The Mind’s I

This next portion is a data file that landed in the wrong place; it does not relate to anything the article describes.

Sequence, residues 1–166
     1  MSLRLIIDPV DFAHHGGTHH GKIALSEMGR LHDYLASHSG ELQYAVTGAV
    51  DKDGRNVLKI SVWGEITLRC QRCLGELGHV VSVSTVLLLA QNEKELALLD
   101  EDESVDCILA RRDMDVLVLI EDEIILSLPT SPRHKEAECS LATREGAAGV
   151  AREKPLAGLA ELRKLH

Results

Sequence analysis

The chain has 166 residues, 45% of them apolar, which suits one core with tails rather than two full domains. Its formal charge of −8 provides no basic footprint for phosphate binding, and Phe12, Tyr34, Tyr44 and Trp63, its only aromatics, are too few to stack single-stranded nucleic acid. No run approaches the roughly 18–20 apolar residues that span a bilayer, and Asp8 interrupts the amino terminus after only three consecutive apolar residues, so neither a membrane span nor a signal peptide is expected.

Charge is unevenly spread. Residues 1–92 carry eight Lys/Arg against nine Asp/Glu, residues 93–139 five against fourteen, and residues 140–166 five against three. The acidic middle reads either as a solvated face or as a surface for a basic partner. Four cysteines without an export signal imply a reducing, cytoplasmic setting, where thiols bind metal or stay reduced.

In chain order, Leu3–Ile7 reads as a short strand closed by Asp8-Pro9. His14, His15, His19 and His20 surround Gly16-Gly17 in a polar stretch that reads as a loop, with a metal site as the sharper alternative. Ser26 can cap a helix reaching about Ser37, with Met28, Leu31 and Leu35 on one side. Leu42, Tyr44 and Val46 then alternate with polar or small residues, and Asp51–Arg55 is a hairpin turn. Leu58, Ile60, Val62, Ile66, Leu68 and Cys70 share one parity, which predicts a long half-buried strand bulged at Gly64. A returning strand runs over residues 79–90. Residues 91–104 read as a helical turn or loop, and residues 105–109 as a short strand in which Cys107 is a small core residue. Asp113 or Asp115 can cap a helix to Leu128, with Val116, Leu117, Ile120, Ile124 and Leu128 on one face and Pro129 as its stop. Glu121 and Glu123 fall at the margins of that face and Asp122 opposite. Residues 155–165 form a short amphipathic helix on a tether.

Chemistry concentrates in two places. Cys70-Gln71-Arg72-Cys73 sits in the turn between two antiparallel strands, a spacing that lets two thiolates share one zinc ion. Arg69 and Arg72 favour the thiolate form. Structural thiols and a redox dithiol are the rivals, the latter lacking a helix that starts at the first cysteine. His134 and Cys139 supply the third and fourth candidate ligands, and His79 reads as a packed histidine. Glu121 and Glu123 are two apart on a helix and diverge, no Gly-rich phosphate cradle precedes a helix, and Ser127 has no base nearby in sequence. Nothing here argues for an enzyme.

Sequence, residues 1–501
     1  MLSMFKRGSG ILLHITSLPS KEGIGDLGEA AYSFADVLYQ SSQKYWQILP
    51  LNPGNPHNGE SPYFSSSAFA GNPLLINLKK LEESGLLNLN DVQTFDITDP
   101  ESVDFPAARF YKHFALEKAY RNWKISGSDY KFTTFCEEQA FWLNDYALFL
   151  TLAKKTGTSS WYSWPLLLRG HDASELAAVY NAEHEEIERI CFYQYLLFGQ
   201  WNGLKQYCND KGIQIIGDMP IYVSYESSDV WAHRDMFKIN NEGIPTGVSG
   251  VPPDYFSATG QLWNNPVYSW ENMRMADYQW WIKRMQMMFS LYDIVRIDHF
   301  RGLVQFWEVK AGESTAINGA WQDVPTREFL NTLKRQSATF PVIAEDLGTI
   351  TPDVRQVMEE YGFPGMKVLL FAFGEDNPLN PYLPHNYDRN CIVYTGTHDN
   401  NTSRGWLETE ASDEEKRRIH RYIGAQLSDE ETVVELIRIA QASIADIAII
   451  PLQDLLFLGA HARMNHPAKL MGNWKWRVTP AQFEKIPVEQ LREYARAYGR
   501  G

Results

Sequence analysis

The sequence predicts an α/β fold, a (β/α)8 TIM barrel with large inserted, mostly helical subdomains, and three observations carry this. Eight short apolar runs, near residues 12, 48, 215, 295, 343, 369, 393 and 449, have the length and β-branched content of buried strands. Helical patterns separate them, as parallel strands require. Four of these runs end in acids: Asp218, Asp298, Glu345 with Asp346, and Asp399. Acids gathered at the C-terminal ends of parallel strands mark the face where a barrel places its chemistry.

We recently encountered the 1981 anthology “The Mind’s I,” by Douglas Hofstadter and Daniel Dennett, and we’re pretty sure our brain will never be quite the same. The collection contains “fantasies and reflections on self and soul” expressed in essays, stories and one-act plays that work as literary thought experiments meant to refine (define?) our understanding of the abiding mystery of consciousness. It’s not exactly summer beach reading, but it’s also not impossibly dense. Contributors include the philosopher Stanislaw Lem and the now-famous thinker Richard Dawkins, whose seminal essay “Selfish Genes, Selfish Memes” (in which the now popular word “meme” was first introduced) is included here. Brilliant, bizarre, and weirdly haunting, “The Mind’s I” feels like one thrilling version of the truth.